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I have two update statements. Both of them gives the same output. How they are different and which is better to use?

Statement 1:

UPDATE li
SET li.Description = im.Description
FROM tbSupplierLineItem li
JOIN tbIMPACArchieveNew im ON li.ItemId = im.CommomCode 
WHERE li.ProcessedDate >= CONVERT(DATE,GETDATE())

Statement 2:

UPDATE li
SET li.Description = im.Description
FROM tbSupplierLineItem li
JOIN tbIMPACArchieveNew im ON li.ItemId = im.CommomCode 
AND li.ProcessedDate >= CONVERT(DATE,GETDATE())

marked as duplicate by Igor, Community Jul 26 '17 at 11:20

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  • There is no real difference. Some people prefer using where, because the condition is filtering on a single table. – Gordon Linoff Jul 26 '17 at 11:09
  • No difference for an INNER JOIN (which this is). Big difference for an OUTER JOIN. – Bacon Bits Jul 26 '17 at 11:10
  • It's like datasets that are being joined, if you put more criteria inside of JOIN clause it's like "only part of table that is fulfilling that criteria is being joined", if you have where, first it will join ALL data from tables that fulfilling that "ItemId" criteria and then filter it out to match where criteria – Veljko89 Jul 26 '17 at 11:13
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With an inner join, the difference is only a semantic difference. Both queries should produce the exact same query plan and the exact same result.

However, when you are using outer joins, then it matters if the condition is on the where clause or on the on clause.

UPDATE li
SET li.Description = im.Description
FROM tbSupplierLineItem li
RIGHT JOIN tbIMPACArchieveNew im ON li.ItemId = im.CommomCode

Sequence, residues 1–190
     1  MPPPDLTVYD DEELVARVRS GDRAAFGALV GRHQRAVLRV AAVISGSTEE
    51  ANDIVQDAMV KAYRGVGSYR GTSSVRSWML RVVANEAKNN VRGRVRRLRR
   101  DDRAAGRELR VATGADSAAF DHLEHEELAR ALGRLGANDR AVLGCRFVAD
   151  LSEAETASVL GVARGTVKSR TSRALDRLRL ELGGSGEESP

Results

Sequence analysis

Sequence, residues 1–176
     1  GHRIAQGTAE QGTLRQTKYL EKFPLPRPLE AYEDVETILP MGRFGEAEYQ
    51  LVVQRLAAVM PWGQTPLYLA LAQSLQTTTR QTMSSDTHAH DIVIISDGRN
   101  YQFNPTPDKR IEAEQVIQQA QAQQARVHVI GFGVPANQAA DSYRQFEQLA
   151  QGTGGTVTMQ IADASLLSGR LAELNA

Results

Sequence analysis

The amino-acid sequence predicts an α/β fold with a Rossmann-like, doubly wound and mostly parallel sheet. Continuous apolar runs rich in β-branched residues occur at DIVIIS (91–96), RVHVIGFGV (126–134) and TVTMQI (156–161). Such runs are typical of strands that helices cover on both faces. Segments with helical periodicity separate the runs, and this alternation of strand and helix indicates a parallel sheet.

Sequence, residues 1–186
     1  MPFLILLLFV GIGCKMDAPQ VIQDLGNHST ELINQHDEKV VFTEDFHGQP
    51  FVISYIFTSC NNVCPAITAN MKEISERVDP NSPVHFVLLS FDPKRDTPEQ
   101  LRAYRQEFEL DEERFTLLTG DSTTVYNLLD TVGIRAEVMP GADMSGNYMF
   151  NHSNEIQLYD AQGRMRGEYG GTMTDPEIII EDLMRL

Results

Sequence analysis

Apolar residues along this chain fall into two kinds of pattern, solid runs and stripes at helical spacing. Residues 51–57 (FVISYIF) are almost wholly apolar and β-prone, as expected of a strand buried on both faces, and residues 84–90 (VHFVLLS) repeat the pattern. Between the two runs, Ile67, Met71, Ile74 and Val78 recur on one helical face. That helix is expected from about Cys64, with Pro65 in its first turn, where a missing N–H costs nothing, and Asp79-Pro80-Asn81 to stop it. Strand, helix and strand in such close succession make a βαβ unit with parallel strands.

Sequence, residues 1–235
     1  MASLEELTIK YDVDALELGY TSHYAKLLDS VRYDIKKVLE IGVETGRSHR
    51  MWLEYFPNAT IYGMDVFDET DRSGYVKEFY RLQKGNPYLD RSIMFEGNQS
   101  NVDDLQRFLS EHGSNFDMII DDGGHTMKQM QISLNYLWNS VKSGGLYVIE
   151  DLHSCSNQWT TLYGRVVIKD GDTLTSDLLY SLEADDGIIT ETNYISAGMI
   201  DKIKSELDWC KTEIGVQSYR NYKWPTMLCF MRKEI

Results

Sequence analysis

AND li.ProcessedDate >= CONVERT(DATE,GETDATE())

Is different than

UPDATE li
SET li.Description = im.Description
FROM tbSupplierLineItem li
RIGHT JOIN tbIMPACArchieveNew im ON li.ItemId = im.CommomCode 
WHERE li.ProcessedDate >= CONVERT(DATE,GETDATE())

not only on the semantic level.
While the first query will return the expected result of a right join, the second one will infact return the results expected from an inner join.
That is because the right table values might be null if you have records on the left table that doesn't match them, and since comparing any value to null (including another null) will result with a false, it's basically changing the right join to an inner join.

1

Whether there is a difference between putting a filter predicate in the WHERE clause or an ON clause depends solely on the type of JOIN you're doing. For inner join, there is no difference. For outer joins, putting the predicate in the ON clause might mean you don't have to write OR xxx IS NULL in the WHERE clause also

Example. These two queries function identically:

SELECT *
FROM
  a
  LEFT OUTER JOIN
  b
  ON
    a.id = b.id AND
    b.type = 'circle'

SELECT *
FROM
  a
  LEFT OUTER JOIN
  b
  ON
    a.id = b.id
WHERE
    b.type = 'circle' OR b.id IS NULL

Omitting the OR b IS NULL from the second query could cause some rows to disappear from the results, if there is a row in A that does not have a corresponding row in B

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